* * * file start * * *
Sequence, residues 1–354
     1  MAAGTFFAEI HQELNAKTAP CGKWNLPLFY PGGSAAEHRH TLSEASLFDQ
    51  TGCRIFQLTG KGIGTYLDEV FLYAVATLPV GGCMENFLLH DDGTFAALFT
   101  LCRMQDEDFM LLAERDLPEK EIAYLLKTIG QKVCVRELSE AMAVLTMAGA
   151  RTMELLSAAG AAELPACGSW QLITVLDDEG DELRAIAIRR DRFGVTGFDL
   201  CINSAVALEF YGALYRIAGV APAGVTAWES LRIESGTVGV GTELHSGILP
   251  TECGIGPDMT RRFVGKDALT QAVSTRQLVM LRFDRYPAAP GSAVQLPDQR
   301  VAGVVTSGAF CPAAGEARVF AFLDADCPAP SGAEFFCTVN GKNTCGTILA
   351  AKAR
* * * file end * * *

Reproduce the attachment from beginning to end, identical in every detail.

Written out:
Sequence, residues 1–354
     1  MAAGTFFAEI HQELNAKTAP CGKWNLPLFY PGGSAAEHRH TLSEASLFDQ
    51  TGCRIFQLTG KGIGTYLDEV FLYAVATLPV GGCMENFLLH DDGTFAALFT
   101  LCRMQDEDFM LLAERDLPEK EIAYLLKTIG QKVCVRELSE AMAVLTMAGA
   151  RTMELLSAAG AAELPACGSW QLITVLDDEG DELRAIAIRR DRFGVTGFDL
   201  CINSAVALEF YGALYRIAGV APAGVTAWES LRIESGTVGV GTELHSGILP
   251  TECGIGPDMT RRFVGKDALT QAVSTRQLVM LRFDRYPAAP GSAVQLPDQR
   301  VAGVVTSGAF CPAAGEARVF AFLDADCPAP SGAEFFCTVN GKNTCGTILA
   351  AKAR